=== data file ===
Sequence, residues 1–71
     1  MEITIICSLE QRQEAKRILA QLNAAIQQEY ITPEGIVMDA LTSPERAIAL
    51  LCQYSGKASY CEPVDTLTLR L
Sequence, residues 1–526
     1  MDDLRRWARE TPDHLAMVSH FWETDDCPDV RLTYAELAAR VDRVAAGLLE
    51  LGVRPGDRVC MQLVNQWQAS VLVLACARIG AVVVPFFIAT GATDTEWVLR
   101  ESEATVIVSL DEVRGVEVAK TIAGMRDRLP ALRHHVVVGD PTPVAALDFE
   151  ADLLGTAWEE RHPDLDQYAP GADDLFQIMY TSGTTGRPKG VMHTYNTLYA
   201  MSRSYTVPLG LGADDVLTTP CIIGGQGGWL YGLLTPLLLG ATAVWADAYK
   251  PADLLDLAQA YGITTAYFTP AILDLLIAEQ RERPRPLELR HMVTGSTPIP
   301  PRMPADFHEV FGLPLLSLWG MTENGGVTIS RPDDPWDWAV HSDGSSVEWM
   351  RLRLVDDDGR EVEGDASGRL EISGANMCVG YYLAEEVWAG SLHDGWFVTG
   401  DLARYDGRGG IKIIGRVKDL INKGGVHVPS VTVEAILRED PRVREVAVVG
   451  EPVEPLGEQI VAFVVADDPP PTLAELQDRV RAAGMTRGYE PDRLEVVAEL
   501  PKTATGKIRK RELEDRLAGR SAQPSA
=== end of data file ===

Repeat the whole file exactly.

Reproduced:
Sequence, residues 1–71
     1  MEITIICSLE QRQEAKRILA QLNAAIQQEY ITPEGIVMDA LTSPERAIAL
    51  LCQYSGKASY CEPVDTLTLR L
Sequence, residues 1–526
     1  MDDLRRWARE TPDHLAMVSH FWETDDCPDV RLTYAELAAR VDRVAAGLLE
    51  LGVRPGDRVC MQLVNQWQAS VLVLACARIG AVVVPFFIAT GATDTEWVLR
   101  ESEATVIVSL DEVRGVEVAK TIAGMRDRLP ALRHHVVVGD PTPVAALDFE
   151  ADLLGTAWEE RHPDLDQYAP GADDLFQIMY TSGTTGRPKG VMHTYNTLYA
   201  MSRSYTVPLG LGADDVLTTP CIIGGQGGWL YGLLTPLLLG ATAVWADAYK
   251  PADLLDLAQA YGITTAYFTP AILDLLIAEQ RERPRPLELR HMVTGSTPIP
   301  PRMPADFHEV FGLPLLSLWG MTENGGVTIS RPDDPWDWAV HSDGSSVEWM
   351  RLRLVDDDGR EVEGDASGRL EISGANMCVG YYLAEEVWAG SLHDGWFVTG
   401  DLARYDGRGG IKIIGRVKDL INKGGVHVPS VTVEAILRED PRVREVAVVG
   451  EPVEPLGEQI VAFVVADDPP PTLAELQDRV RAAGMTRGYE PDRLEVVAEL
   501  PKTATGKIRK RELEDRLAGR SAQPSA